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How many roosters?

Discussion in 'Managing Your Flock' started by oldfartfarmer, Jan 24, 2016.

  1. oldfartfarmer

    oldfartfarmer Out Of The Brooder

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    I have 6 golden comets now,
    come next month I'm going to order 8 more chicks (first time with chicks)
    im leaning heavily towards 4-Brahmas, a Black jersey,Barred Plymouth rock,gold or silver laced wyandotte,

    how many roosters are acceptable in a small flock? I'm figuring 1,
    why would one have more than one?

    what are roosters good for? ok quit laughing,,i know about the birds and the bees, but not chickens,

    If i order a Brahma rooster,
    will i end up with a crossbreed in the others I've listed above?
    is this a bad thing?

    ok some more laughter for you,

    say in 9 months after having the chicks, and there laying eggs,
    how does one know if the rooster had a party, and the poor girl is preggers,
    can one still gather and eat the eggs?
    see im a 50 yr old confused male,

    how do i know when to leave mom alone to hatch more chicks?

    thanks

    john--confused in maine
     
  2. CTKen

    CTKen Monkey business Premium Member

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    Hi there! Number one, your age is not the issue, but gender could well be ;) (my wife would certainly agree).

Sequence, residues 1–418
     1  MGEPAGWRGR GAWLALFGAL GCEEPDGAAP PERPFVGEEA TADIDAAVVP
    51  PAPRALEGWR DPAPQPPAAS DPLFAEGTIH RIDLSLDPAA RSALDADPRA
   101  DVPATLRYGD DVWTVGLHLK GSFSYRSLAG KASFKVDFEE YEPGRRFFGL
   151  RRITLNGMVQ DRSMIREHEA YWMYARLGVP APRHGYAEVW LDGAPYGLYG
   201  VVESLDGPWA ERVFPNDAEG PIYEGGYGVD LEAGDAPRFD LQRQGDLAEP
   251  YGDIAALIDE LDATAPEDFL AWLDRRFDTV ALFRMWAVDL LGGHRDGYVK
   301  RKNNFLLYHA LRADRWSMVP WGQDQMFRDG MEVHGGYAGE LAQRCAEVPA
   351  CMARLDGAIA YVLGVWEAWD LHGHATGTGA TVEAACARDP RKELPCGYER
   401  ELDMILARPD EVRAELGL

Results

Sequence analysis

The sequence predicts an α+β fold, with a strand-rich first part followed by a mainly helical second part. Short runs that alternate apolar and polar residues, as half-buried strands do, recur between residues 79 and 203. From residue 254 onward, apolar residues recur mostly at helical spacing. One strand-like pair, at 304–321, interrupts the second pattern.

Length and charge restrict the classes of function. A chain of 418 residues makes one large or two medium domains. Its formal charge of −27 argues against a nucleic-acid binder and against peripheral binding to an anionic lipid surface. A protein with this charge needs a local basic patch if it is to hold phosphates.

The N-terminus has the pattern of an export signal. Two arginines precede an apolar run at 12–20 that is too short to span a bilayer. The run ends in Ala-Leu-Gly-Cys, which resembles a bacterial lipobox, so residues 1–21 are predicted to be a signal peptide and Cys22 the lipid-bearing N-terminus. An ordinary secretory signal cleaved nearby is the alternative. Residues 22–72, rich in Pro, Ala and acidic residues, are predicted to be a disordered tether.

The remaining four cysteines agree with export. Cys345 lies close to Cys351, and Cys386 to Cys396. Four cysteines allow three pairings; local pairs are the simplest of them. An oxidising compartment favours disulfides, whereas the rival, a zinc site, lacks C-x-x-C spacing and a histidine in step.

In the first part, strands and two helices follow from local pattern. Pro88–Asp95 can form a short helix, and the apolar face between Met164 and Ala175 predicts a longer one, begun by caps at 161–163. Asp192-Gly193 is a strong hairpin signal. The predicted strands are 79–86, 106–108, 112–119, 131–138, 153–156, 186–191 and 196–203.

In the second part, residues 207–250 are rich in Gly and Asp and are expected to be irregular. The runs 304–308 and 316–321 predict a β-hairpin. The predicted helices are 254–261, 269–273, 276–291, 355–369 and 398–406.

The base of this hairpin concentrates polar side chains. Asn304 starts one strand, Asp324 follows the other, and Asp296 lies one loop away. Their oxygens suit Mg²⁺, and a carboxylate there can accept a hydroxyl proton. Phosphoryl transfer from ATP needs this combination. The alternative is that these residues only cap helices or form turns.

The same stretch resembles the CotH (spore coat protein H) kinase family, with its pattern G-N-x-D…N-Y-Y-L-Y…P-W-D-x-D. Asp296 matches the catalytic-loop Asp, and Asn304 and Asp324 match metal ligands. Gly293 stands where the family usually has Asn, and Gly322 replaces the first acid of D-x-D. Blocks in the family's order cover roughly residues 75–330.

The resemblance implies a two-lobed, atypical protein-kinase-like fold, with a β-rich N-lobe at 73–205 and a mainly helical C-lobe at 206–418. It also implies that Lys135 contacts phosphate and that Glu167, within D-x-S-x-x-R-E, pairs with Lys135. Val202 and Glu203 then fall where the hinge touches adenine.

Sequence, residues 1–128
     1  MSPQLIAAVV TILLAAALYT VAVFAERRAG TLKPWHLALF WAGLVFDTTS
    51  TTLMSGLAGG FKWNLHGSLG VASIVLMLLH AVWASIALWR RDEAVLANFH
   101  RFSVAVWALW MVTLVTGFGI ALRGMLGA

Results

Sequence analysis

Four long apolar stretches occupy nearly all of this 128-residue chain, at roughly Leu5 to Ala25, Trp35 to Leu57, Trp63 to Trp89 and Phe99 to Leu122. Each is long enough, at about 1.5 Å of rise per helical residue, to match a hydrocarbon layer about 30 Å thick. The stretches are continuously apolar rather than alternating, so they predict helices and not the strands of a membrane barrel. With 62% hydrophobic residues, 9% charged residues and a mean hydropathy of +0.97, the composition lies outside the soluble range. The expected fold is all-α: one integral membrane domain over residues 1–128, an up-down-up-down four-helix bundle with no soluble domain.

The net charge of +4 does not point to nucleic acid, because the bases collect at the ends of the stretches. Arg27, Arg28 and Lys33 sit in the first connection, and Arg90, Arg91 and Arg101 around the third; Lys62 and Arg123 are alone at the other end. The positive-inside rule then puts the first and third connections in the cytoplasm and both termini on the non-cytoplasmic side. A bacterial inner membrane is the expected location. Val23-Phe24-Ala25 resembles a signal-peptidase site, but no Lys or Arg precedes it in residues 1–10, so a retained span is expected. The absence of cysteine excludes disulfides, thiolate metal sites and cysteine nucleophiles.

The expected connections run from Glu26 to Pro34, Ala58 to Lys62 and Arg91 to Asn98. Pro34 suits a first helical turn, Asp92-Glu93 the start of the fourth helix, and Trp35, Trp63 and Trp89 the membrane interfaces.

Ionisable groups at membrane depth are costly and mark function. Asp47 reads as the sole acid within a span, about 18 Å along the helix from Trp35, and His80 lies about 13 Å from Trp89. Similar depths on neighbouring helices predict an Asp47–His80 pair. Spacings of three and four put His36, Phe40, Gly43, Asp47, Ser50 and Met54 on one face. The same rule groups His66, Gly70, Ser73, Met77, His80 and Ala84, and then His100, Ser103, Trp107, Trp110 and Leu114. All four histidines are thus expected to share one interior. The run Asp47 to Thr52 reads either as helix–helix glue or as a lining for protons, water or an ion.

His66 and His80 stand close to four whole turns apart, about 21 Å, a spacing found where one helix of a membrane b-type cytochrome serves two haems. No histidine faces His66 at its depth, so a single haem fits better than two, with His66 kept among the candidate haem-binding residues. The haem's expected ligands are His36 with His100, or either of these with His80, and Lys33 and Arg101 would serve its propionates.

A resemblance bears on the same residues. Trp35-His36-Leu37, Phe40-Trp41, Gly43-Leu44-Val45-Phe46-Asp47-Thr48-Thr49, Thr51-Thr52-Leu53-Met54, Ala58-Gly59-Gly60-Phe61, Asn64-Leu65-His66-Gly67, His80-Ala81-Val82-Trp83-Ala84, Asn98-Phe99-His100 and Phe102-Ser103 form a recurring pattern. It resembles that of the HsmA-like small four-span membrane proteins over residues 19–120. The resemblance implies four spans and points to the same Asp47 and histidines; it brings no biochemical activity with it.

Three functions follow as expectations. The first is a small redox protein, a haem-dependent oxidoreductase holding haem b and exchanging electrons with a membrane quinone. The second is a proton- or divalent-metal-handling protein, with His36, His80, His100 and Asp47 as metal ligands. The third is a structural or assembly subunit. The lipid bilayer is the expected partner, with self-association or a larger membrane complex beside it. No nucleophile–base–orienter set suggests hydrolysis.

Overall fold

General rule is 10 hens per roo, but a randy little tinker can cover more.

    Some people say Roos are good flock defenders or at least alarm systems. IMO a top ranking chicken does the same job (almost). Unless you want fertile eggs then the crowing and other less wonderful aspects of adolescent Roos are a pain.

    Fertile eggs are visible when you crack an egg. Search for "egg fertility" in the search box for more details.

    Crosses of breeds and likely outcomes I'm clueless about.

    Lots of info about letting mum hatch eggs on BYC but maybe leave that till a little later down the road.

    Hope this bit of help from a similarly confused 45 year helps.

    All the best
    Ct
     
  3. QueenMisha

    QueenMisha Queen of the Coop

    The recommended ratio is 1 cock for every 8-10 hens. This will allow for good fertility, while preventing overmating and harassment of the hens. This rule can be bent if you use hen saddles, but in a small flock the absolute minimum with hen saddles I would quote around 1:6 cocks to hens.

    Breeders often use backup cocks - if you've got valuable birds on your hands and you need to produce chicks reliably every year, it's always a good idea to keep a secondary cock on hand in case your main breeder is injured. However, if you are simply breeding backyard mixes, then there's no real reason to have more than one cock (unless they are pets). There's no shortage of males seeking homes, so if your main cock is injured/killed, you can quite easily find another suitable bird free to a good home within a matter of days.